Oh, Twitter, how I tried to avoid you. I wanted to despise all of your micro-updates, the many Tweets that flitter across computer screens and cell phones. I did not need another time-suck in my life. Episodes of The Good Wife and Modern Family are calling me from my DVR box. The white kitchen floor has turned grey from the multitude of dirty shoes that have shuffled across it. New Yorkers are piling up by my bedside. I already belong to Facebook. Don’t you know I have a 19-month old son who climbs furniture and jumps?
But my class’s instructor said you were fabulous and asked me to get acquainted with you. So I opened an account. I chose a nondescript handle and password two days ago. Next, I tweaked my profile, posting a link to my blog and a photo of myself.
I poked around tentatively at first, only seeking out some the bloggers I follow regularly like Dooce, Girls Gone Child and Amalah. Holding my arrow cursor over the plus symbol, I added each of them to my feed. Fifteen minutes in, I was following more than a dozen Tweeters.
Taking you for a twirl, my fingers tap-danced along the keyboard, keying in the names of my favorite celebrities, writers and friends. All of my interests were coming alive in 140 characters or less. I consider our first date a success!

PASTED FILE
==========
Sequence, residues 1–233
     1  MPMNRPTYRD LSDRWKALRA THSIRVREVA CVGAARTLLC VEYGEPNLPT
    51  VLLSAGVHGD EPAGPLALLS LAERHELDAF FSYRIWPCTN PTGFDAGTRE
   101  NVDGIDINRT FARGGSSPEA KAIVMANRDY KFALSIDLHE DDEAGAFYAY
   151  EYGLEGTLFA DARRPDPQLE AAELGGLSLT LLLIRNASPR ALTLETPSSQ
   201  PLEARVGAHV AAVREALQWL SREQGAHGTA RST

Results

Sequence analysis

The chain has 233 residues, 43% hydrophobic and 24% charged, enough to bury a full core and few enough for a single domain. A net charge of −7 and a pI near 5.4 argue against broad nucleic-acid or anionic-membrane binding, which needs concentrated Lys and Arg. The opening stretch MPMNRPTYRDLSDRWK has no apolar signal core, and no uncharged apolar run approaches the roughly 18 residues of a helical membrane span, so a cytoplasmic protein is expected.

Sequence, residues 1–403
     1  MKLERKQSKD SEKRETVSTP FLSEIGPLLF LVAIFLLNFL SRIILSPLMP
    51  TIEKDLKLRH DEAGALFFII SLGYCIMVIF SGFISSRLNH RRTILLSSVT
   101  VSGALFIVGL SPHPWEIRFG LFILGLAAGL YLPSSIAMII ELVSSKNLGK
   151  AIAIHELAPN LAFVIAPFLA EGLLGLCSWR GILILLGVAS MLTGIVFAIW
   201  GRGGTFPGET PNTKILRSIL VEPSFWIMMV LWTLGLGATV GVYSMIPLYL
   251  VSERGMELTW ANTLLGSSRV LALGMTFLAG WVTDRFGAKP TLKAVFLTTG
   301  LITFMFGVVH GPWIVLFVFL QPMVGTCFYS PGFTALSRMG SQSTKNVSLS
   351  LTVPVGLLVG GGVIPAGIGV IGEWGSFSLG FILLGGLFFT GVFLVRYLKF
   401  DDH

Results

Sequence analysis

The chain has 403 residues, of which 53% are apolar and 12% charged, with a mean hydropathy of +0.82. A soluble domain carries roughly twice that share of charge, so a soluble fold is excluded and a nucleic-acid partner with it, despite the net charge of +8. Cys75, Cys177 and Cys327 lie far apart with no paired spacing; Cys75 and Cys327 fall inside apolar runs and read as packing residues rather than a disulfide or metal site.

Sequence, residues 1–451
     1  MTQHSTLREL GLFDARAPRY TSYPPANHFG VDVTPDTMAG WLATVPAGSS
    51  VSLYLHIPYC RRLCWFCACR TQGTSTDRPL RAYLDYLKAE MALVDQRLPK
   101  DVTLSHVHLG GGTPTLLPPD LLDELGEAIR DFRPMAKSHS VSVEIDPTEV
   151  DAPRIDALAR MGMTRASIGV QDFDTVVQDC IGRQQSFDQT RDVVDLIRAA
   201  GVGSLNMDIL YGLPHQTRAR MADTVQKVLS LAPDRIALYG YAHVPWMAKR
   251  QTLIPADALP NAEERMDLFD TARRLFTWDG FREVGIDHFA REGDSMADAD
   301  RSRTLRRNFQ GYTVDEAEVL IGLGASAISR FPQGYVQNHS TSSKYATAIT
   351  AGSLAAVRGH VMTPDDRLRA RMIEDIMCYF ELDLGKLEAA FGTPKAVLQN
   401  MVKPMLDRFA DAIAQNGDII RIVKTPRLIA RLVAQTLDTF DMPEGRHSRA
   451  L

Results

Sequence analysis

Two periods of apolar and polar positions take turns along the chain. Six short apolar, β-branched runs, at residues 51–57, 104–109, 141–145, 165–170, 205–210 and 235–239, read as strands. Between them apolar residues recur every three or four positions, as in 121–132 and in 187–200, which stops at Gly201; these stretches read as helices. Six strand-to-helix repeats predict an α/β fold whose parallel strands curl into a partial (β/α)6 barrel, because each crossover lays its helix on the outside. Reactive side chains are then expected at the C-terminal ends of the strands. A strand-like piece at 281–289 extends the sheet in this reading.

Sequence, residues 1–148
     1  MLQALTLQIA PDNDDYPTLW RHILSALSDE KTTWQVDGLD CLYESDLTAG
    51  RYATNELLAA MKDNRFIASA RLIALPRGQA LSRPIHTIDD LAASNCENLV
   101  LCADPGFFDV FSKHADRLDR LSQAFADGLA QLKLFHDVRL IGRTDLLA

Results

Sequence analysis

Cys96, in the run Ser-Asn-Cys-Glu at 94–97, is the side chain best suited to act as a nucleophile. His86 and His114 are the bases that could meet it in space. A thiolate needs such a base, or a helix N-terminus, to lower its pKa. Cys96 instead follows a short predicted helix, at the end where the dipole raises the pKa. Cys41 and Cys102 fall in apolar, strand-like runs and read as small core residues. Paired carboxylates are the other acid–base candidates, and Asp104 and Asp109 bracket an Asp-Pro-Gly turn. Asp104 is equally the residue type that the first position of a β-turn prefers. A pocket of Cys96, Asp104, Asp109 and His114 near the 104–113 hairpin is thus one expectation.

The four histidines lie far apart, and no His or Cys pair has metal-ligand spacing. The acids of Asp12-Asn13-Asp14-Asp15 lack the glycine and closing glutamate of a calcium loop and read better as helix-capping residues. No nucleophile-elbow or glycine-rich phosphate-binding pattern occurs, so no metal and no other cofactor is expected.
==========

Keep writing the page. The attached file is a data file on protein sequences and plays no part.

A few hours later, my cell phone dinged. I glanced down to see the Twitter icon – a boxed blue “t” – among my email messages. (Oh, you text right away!) And next to that icon was a name I didn’t recognize, but he was now following my Tweets.
My eyes narrowed and I recoiled in my kitchen chair. I want to be able to approve who gains access to my feeds. While my other relationship - Facebook - may have all sorts of pitfalls in security, at least I can have the final say on who can access my photos and updates.
Not with you, Twitter. That text was just another reminder that I shouldn’t be exposing everything to you. I need to show restraint, even though I’m tempted to divulge the minutia of my daily life. I can hear my mother’s voice: "Relationships need mystery!"
Since our first encounter, we’ve had a few dates. I’m considering the possibilities of going steady with you: a way to broadcast my freelance writing business; a new avenue to network; a stream of live news snippets; adult commentary when I’ve been alone with the baby all day; a hearty laugh.
So, Twitter, I’m enjoying getting to know you, but I’m not in love with you. Not yet. I’m not ready to make any long-term commitments to keep Tweeting after my class ends. But I may keep in touch with you. Some Tweets are just too good to resist.